A man who shared a similar sense for history and style followed behind Morison; but he was at least as much a man of action as of contemplation. Carleton Mitchell sailed up the islands, from Port of Spain to Annapolis, over 4 months in the winter of 1947. He had shipped the Carib, a 46-foot Alden ketch, on a steamer to Trinidad, having sailed the boat the previous winter among the Bahamas and Greater Antilles. With him for the voyage were his wife, whose family money financed the trip, and one paid hand. A friend occasionally joined them. The result of the voyage, Islands to Windward (1948), is astonishing. To have done all he did to produce the book, and a book of such high quality, in so little time from the deck of a small yacht is nothing short of incredible. What did he do?

"From the dock we powered the few yards out to the middle of the inner harbor, the carenage. Its water was almost as blue and as clear as the open sea outside. The anchor plummeted down nearly ten fathoms; it is deep, but so sheltered that not much scope is necessary. The chain hung straight down from the chock of the bowsprit and although our flags above flickered in the breeze, the water lay unruffled. Native trading schooners lined the quays, and the fragrance of cocoa beans drying in the sun made us remember that Grenada is the `Isle of Spice'. Large rowboats used as water taxis crossed from shore to shore. We rigged awnings and gratefully relaxed in their shade. The dreamy peace of a quiet anchorage took possession of us, deepened by the languor of the tropics. We felt that we had nothing particular to do and a long time in which to do it. For the moment we were content just to sit and look."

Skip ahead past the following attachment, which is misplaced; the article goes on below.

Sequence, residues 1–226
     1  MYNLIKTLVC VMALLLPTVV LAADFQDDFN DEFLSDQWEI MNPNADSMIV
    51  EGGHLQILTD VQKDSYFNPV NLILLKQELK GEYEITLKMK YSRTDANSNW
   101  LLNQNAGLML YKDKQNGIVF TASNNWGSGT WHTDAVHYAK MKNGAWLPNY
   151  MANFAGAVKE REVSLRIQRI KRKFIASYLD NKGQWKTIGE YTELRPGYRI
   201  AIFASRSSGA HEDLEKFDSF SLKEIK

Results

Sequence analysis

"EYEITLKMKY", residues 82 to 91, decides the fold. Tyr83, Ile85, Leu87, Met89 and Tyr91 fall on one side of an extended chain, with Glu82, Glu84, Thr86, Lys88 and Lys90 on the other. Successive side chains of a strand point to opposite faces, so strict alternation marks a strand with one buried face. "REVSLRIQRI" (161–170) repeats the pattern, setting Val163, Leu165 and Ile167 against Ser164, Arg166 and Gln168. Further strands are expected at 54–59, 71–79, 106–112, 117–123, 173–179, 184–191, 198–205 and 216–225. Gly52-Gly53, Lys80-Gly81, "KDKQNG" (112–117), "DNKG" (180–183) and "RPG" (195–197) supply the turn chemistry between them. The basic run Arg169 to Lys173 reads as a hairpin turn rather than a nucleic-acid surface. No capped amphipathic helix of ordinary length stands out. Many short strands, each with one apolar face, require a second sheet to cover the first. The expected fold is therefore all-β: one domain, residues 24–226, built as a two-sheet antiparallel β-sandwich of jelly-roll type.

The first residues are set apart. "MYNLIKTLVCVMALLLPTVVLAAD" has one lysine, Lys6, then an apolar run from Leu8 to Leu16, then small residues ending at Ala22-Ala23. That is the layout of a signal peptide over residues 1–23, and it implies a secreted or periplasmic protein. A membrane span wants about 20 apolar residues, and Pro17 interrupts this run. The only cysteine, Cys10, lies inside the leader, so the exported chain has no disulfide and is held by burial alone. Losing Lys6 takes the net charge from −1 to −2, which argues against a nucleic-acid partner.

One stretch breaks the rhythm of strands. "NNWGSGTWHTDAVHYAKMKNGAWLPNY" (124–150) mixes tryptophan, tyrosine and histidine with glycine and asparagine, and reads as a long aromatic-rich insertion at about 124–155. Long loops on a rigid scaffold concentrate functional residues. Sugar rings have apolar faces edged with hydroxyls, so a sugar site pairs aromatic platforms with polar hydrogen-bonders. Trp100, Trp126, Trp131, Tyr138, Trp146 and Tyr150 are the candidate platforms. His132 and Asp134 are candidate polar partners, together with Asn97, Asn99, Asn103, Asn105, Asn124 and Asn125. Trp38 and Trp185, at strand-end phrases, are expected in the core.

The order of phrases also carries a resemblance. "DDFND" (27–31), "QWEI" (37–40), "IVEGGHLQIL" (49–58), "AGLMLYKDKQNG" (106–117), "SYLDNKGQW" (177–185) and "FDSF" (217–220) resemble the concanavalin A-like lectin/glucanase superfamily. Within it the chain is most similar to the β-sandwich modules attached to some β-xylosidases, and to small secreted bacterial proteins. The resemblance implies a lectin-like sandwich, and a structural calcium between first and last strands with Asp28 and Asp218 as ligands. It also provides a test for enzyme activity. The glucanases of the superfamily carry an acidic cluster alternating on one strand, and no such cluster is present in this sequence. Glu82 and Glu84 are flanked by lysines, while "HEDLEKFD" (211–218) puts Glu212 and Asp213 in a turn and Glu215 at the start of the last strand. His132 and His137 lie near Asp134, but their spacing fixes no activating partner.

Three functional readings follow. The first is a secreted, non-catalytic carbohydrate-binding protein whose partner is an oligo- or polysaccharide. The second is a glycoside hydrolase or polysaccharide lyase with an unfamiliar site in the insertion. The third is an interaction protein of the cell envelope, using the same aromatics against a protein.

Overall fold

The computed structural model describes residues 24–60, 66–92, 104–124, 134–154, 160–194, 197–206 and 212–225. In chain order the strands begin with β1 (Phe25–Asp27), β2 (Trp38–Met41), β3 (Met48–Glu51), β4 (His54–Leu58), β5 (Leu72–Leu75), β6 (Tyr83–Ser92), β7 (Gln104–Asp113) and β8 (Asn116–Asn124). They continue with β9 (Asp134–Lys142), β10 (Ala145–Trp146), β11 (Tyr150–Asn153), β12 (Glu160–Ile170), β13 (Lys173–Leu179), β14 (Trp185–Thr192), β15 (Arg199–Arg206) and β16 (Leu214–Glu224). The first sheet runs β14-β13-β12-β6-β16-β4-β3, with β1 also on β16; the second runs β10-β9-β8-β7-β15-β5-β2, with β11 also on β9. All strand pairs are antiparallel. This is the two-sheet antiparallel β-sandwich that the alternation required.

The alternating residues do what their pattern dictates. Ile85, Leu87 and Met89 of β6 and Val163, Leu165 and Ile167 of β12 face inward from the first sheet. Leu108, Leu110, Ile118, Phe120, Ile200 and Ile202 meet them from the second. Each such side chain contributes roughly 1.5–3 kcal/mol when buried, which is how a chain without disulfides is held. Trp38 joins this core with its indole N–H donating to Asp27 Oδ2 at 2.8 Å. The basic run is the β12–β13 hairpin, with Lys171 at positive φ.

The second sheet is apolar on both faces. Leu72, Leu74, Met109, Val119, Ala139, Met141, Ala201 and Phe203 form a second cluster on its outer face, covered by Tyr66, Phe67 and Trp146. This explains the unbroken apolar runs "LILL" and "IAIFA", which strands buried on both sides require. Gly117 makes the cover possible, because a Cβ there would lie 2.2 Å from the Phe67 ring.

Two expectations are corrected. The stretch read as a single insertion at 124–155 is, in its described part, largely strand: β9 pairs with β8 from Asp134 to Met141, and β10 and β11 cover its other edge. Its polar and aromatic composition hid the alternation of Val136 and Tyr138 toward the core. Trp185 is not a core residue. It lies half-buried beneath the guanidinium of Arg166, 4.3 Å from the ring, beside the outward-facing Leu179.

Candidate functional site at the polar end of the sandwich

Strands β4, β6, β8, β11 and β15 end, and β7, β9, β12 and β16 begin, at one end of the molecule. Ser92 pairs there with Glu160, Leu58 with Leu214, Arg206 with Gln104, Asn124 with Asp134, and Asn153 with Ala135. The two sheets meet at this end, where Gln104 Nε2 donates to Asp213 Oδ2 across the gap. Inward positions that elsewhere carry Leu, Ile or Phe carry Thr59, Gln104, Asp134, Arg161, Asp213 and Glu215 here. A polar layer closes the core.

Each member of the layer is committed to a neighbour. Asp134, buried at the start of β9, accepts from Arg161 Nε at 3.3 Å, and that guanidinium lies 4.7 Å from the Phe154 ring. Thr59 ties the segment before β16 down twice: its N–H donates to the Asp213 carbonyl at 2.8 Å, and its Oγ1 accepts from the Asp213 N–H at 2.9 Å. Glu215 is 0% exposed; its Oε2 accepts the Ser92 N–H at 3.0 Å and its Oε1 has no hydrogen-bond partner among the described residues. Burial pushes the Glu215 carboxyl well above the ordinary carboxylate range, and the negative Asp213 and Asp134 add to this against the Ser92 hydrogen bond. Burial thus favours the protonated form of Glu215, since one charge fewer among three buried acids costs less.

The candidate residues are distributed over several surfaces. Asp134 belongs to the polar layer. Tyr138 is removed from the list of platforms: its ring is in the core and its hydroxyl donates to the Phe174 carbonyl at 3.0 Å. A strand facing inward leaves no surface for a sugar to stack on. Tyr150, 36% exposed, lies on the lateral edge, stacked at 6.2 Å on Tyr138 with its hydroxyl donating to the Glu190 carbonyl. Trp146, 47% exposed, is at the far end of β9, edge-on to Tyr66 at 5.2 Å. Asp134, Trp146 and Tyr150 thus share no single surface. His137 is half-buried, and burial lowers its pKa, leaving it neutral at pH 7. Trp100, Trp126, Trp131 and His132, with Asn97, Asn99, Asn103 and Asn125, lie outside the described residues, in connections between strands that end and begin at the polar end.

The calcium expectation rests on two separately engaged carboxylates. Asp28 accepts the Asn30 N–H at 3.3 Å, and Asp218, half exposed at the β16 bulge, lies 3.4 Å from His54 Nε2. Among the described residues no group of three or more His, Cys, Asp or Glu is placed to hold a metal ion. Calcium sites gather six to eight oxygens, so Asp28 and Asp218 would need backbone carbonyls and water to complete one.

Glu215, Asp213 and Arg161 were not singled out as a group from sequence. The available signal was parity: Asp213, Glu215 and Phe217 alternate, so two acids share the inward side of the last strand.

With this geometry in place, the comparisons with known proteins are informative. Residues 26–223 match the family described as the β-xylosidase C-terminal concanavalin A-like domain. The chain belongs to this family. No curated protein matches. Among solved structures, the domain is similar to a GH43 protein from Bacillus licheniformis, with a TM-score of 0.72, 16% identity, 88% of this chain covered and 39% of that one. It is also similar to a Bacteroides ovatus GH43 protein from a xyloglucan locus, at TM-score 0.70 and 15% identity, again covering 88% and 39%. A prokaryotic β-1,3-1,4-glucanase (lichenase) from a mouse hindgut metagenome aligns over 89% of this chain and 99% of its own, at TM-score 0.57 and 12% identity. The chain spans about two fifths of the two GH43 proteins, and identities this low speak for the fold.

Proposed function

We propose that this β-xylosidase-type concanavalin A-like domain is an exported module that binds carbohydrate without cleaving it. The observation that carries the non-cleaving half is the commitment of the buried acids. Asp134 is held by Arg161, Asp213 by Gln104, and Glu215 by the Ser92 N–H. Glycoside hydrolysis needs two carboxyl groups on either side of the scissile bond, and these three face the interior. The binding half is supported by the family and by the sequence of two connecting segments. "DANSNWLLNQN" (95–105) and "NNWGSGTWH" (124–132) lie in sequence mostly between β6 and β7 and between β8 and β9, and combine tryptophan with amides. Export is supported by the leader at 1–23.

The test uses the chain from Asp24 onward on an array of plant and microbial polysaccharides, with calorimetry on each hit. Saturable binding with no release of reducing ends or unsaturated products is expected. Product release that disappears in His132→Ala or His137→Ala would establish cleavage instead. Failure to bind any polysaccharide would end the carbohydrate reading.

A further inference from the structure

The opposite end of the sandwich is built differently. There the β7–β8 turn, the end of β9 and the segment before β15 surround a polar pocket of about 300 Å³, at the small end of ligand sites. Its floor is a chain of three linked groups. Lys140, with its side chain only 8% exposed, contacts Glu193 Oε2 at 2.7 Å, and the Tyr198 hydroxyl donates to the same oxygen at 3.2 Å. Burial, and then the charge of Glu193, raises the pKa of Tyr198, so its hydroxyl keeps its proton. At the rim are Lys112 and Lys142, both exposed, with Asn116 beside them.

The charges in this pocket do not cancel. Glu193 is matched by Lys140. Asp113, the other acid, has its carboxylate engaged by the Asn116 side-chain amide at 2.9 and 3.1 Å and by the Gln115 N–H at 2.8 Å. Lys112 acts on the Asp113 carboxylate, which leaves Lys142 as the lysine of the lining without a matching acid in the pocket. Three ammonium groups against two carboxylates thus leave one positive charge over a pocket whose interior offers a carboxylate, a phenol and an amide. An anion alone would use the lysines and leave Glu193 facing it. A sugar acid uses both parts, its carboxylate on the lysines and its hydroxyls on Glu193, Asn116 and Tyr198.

Mitchell, at that point, was chiefly a photographer and amateur yachtsman. He was working as a freelance photojournalist for the National Geographic, and a short version of the book appeared in the January 1948 issue of that magazine. The photographs alone would make a fine book. In both color and black and white, the full- and half-page pictures in the oversize (22 x 28 cm) book capture the West Indies as they were at the end of colonialism, on the eve of redevelopment. To see Carib at anchor with only local sloops and schooners for company in Admiralty Bay or utterly alone in English Harbor off the abandoned dockyard is to get some idea of how yachting has grown over the last half of the century.

From one island to the next, Mitchell went ashore to make his pictures, often staying in private residences so as not to have to lug his photographic equipment back and forth. But he did more. He interviewed any people available, often the governors, consuls, planters, and priests. He was unusually observant and curious, and not without an eye for irony and an ear for dialogue. Mitchell's reading, which he brought to his writing, was unusually deep, especially in history. He could write poetically or philosophically as the occasion demanded. He was a true traveler in the old sense and the old style.